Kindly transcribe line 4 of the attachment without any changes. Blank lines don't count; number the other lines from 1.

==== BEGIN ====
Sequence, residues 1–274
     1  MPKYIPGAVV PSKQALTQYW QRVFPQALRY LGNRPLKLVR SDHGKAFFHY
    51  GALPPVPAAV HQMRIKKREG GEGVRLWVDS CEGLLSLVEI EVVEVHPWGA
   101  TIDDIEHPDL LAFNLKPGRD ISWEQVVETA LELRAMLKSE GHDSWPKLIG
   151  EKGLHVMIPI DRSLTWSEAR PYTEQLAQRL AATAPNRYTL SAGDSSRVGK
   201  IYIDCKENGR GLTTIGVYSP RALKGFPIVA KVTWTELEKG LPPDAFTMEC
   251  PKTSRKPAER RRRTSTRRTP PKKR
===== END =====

   101  TIDDIEHPDL LAFNLKPGRD ISWEQVVETA LELRAMLKSE GHDSWPKLIG